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In radio programming, a deep cut or deep track is a song which commercial radio stations rarely broadcast. It is taken from the fact that on vinyl albums, the hit singles promoted by record companies are usually found early on in the record, with the other, lesser-known songs buried "deep" into the record.

Reasons for songs being relegated to "deep cut" status include:

  • The song was only released on an album and never as a single, or it was released as a B-side.
  • The song is a single that never became a Top 40 hit.
  • The song is objectionable to mainstream sensibilities, or perhaps violates regulatory rules.
  • The song is long. Most radio stations air songs between 3 and 4 minutes in length.
  • The song was a hit in its time, but has largely been left out of recurrent rotation (often because it does not fit a mainstream radio format) as years have gone on. This type of song is often known as a "forgotten 45."

Most radio stations prefer to play either classical music or popular music that is familiar to mainstream listeners.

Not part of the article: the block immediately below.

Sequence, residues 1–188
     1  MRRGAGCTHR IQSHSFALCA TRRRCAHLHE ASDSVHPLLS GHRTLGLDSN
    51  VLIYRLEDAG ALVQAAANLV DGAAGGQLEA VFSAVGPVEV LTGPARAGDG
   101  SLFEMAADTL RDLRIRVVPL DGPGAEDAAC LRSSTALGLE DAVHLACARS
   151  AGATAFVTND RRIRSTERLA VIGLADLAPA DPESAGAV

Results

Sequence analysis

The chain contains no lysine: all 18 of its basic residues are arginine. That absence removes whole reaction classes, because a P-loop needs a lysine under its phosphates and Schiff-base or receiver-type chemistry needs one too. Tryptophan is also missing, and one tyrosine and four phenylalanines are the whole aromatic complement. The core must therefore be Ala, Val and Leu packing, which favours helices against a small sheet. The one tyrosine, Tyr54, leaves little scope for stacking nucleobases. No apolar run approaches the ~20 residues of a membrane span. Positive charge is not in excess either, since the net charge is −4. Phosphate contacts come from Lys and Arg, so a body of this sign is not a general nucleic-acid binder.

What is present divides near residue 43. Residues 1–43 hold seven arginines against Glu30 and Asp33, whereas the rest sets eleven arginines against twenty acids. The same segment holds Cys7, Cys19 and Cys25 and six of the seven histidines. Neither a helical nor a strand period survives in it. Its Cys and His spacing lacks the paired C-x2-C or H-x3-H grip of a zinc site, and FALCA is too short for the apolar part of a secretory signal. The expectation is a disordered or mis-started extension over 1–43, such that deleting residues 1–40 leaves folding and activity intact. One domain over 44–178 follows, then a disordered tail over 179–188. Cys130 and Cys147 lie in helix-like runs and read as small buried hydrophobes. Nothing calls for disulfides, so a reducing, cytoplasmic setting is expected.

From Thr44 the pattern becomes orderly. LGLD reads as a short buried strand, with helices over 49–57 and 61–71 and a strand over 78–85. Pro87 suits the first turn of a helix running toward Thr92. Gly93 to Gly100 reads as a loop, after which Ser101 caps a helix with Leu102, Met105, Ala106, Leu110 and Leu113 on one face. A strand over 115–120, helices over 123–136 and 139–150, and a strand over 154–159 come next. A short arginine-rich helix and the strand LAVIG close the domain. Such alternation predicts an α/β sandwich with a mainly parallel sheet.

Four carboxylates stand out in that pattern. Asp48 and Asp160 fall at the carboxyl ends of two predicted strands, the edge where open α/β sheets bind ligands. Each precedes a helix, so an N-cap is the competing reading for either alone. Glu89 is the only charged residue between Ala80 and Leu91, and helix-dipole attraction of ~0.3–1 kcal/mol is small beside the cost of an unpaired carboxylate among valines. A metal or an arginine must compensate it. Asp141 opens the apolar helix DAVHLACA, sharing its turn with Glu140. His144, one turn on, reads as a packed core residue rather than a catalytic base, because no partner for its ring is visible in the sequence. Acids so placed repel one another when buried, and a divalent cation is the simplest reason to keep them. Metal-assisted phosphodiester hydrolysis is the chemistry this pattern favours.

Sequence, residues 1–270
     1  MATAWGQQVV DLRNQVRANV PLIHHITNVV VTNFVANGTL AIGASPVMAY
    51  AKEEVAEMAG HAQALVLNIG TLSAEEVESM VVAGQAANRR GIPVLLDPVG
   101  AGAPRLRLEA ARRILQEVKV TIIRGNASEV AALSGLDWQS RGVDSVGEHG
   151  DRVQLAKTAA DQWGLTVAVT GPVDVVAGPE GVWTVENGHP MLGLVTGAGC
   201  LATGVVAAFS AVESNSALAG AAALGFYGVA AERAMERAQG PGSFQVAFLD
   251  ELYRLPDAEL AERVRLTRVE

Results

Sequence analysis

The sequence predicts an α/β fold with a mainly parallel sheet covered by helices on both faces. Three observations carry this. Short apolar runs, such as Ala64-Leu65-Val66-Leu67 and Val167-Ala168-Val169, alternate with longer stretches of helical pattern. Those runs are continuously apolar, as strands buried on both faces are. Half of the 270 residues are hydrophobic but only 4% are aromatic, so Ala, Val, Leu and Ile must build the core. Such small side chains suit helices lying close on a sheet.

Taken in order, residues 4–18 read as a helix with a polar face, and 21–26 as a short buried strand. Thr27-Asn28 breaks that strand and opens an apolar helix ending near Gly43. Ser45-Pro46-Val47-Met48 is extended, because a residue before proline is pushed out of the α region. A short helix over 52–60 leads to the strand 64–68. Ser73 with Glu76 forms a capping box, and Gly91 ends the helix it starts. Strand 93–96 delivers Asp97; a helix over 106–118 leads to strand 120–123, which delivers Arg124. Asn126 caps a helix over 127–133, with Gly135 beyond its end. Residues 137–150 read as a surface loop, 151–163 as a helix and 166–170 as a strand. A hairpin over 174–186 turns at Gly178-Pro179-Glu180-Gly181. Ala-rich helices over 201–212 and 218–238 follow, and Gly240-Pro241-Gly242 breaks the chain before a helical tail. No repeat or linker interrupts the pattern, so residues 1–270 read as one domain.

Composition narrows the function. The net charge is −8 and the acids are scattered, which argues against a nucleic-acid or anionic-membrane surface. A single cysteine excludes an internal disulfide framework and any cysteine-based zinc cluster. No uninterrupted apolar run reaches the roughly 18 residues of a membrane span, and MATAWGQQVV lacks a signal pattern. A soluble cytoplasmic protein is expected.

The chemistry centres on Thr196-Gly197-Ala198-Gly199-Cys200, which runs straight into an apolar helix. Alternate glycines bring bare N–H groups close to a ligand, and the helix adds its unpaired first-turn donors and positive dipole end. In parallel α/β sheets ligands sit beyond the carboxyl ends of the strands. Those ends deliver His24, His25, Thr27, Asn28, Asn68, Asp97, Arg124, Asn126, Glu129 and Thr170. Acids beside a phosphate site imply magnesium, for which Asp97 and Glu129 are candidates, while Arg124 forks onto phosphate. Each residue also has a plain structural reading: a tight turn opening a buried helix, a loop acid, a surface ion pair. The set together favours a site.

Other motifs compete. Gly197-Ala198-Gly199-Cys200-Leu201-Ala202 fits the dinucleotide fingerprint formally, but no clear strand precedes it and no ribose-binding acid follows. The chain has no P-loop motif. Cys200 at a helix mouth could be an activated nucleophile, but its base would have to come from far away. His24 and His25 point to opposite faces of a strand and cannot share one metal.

Most deep cuts earned play through freeform radio stations, which were less structured and regulated than their formatted counterparts. While most radio stations had strict playlists often dictated by corporate edict, freeform stations were allowed to air any music the disc jockey desired, provided it did not violate federal broadcast regulations (e.g. vulgarities). Later, more stringent evolutions of the format, progressive and album-oriented rock, also continued the tradition of airing deep cuts. By the 1980s, however, as radio became more commercialized, freeform and related formats began to fade, and the radio single (usually now provided to a radio station for free) became more dominant. Today, the airing of "deep cuts" on albums are rare.

XM Satellite Radio features an entire channel devoted to this type of format, entitled Deep Tracks. In addition, there are a handful of syndicated radio programs devoted to it as well, including The Deep End with Nick Michaels and Dr. Demento, who frequently plays rare songs alongside more mainstream comedy and novelty hits.



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